Browsing through the burial records
for1891 there were many different causes of death with cholera, diphtheria, typhoid fever, malarial fever, consumption, whooping cough, and dysentery being the most prevalent among adult deaths from disease. Comparing Green Hill’s burial records with tombstones I’ve seen on the grounds, this is not a complete listing of people interred there. Either some names were omitted or it’s possible that the remains were moved to Green Hill from another cemetery. I have only perused the records to 1895. After that, the records have no cause of death listed.
The Gripp, also spelled/written as grip or La Grippe, was a term used in the 19th century for influenza, which returned at the end of that century as an epidemic in some parts of the world, with many areas reporting the first signs of a large-scale influenza problem in March of 1891, which is the month of Rosa’s death.
|An example of a label for an iron, quinine, and strychine tonic|
Cyrus Edson’s “La Grippe and Its Treatment for General Readers,” published in 1891, gives us some insight into the types of things a person of that period would do to try to overcome a bout of the disease. Edson suggested people in “the grip” of the flu would be burdened by depression on top of physical symptoms and urged caregivers to combat such depression. Patients should take a laxative of castor oil or rhubarb pills at the beginning of the illness. Headache and muscle pain could be alleviated with phenacetin or salol. Hoffman’s anodyne, which was anodyne, diaphoretic, diuretic, and a stimulant, was to be taken at 4 hour intervals while the patient was bedridden. He went on to suggest other mixtures and elixirs such as a grog made of 1 part wine to 3 parts water, cocoa wine (which contained cocaine), champagne or wine, and tonics of quinine, iron, and strychnine. (Yes, strichnyne.) A croup kettle with a tincture of benzoin should be used to help symptoms in the breathing passages, as would a rub with Chloroform liniment or camphor oil. An alcohol and salt massage could benefit a grippe patient with profuse sweating.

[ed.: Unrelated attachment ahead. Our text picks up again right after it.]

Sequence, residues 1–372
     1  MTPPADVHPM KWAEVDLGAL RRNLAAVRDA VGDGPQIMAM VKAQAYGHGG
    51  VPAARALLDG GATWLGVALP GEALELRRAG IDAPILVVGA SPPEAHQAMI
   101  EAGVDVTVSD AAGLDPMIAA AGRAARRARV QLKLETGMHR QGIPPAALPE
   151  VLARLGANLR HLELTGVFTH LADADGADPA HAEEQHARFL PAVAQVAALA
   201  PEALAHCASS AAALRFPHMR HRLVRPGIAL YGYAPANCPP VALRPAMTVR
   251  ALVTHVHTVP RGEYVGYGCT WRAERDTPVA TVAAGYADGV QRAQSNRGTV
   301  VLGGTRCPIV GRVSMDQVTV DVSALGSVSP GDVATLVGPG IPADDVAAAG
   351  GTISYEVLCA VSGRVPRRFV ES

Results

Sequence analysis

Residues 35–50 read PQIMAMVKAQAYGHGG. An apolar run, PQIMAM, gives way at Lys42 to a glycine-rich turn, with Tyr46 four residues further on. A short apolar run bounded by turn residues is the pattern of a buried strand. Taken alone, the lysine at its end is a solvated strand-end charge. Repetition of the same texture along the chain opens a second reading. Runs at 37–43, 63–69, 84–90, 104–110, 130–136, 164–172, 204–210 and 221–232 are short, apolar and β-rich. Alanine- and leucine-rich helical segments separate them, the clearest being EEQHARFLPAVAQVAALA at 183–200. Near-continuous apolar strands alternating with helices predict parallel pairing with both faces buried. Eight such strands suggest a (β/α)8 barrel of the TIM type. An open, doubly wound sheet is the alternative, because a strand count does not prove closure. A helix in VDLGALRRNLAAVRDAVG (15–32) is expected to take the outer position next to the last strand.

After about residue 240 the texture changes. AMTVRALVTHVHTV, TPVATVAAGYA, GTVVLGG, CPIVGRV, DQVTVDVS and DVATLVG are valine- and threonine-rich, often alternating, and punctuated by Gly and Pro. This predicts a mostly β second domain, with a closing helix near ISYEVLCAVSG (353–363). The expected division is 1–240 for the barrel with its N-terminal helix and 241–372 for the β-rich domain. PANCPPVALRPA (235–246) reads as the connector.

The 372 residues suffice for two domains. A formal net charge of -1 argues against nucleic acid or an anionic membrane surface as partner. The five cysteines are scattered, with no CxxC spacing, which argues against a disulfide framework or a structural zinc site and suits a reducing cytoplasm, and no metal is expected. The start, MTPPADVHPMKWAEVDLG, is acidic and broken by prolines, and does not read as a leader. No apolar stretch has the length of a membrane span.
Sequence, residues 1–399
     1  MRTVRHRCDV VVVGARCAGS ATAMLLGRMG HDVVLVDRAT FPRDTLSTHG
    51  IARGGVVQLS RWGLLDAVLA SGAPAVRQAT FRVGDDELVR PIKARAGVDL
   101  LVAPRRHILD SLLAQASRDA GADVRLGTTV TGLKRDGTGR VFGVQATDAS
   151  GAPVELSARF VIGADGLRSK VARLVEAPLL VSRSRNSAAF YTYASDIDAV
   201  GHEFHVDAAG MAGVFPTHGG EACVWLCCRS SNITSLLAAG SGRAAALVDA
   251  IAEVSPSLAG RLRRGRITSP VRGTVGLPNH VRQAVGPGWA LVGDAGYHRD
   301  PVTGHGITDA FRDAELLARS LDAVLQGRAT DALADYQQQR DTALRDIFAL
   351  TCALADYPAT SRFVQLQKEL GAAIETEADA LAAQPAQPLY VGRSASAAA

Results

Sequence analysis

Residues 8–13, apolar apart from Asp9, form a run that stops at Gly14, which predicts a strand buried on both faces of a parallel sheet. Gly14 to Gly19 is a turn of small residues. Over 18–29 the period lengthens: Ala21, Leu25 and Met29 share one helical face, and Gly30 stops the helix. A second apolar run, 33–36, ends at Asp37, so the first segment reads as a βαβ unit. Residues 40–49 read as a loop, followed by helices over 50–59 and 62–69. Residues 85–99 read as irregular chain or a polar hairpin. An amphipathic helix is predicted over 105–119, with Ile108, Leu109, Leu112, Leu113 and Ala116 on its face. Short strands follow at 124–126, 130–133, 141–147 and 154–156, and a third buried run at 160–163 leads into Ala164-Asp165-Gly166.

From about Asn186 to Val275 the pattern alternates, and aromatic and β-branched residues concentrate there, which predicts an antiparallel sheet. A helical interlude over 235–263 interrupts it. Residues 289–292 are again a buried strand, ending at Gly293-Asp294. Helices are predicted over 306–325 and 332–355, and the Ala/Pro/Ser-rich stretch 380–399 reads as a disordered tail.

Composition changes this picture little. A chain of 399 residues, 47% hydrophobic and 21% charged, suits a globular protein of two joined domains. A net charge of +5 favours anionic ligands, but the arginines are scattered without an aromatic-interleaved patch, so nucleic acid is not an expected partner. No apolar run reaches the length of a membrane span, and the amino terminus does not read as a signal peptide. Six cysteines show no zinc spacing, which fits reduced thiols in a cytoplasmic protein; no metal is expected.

Another interesting substance said to have helped people suffering from the grippe was opium, which was only to be given after a patient had been given a laxative and the bowels had recovered from said laxative.
Rosa may have been given any of these treatments or none of them at all. I was unable to find out any additional information about the duration of her illness and what I found on her family life was also very sparse. I couldn’t locate marriage records for Rosa Fuller and James Lawson, although I found a Danville City Directory listing for Rosa Fuller in the early part of her final decade living alone on North Main Street. Because she still had her maiden name, she may not have gotten married yet.
Edson, Cyrus. “La Grippe and Its Treatment for General Readers.” D. Appleton & Co. 1891.
“Influenza.” The 1911 Encyclopedia